#93 March 1996
Section 184.108.40.206.093.of the Artemis Data Book
Those brave optimists who essay to put together various schemes to bring about major climactic and environmental changes on Mars in order to render the planet much more appealing a destination for would-be Earth-forsaking homesteaders, can, at present, do little more than B.O.E. ("back of envelope") calculations of the material and energy inputs and relocations needed to bring about such changes.
Whether the goal is "terraforming" (making the planet another "Earth") or "Lowellification" (making the planet at least as friendly as we thought it was fifty years ago), or "rejuvenescence" ("restoring" Mars to its wettest and warmest former state of about three billion years ago), the equations are hard to work without good data about the present.
In point of fact, despite all the revelations of the Mariner and Viking missions, we know much less about the Mars of today, than most writers will admit.
We don't know within two or even three orders of magnitude how much water remains on Mars, locked up in the polar caps, in subterranean aquifers and lakes, or chemically bound up in hydrates, or frozen in the interstices of soil particles as permafrost. Nor is such vital information the target of instruments aboard presently budgeted missions to Mars.
We don't know how much carbon dioxide is locked up in clathrate frosts at the poles, nor how much may be chemically bound up in sedimentary carbonate rocks or limestone layers.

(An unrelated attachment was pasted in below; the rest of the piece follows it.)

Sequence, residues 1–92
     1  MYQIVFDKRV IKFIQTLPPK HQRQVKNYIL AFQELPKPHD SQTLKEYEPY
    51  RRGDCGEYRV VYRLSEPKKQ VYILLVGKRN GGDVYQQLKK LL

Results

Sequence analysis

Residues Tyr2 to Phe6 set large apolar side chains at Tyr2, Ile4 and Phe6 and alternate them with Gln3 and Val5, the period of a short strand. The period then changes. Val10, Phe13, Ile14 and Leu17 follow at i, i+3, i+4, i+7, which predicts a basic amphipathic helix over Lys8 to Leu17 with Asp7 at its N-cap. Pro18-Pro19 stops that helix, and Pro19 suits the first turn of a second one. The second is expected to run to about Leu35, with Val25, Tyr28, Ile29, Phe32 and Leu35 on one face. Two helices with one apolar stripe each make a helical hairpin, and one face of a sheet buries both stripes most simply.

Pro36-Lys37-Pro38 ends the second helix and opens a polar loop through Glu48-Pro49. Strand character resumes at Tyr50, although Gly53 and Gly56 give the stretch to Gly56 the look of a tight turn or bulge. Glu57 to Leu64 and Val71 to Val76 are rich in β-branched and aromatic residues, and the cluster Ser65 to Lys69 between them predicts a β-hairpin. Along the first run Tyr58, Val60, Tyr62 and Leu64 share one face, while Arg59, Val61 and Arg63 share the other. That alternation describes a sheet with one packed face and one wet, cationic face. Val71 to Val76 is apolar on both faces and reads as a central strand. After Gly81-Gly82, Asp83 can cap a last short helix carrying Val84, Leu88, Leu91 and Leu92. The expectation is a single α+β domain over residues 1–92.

We have only a very crude idea of the relative altitudes of Martian surface features, and thus only a very imperfect idea of potential drainage basins and watersheds. Fortunately, this ignorance is being addressed by the Mars Global Surveyor ready for launch later this year.
Hubble has shown that what we thought we "knew" of Martian temperature ranges, was pegged to a transitory condition.
Apparently, mean temperatures on Mars have dropped an astonishing 20° in the two decades since Vikings I and 2 established weather stations on the planet. By comparison, a mere 2° rise in terrestrial temperatures worldwide, would cause environmentalists and meteorologists and climatologists to reach for the panic button.
At the moment,we have no idea how long-lasting this cooling will be, nor even if the downward swing has bottomed out, nor on what time frame such meta-seasonal changes take place. Given that, brainstorming pathways to a friendly future are interesting fantasies and no more. As they say, "garbage in, garbage out." Yet carefully designed future missions could tackle each of these points of our ignorance quite well.
Contents of this issue of Moon Miners' Manifesto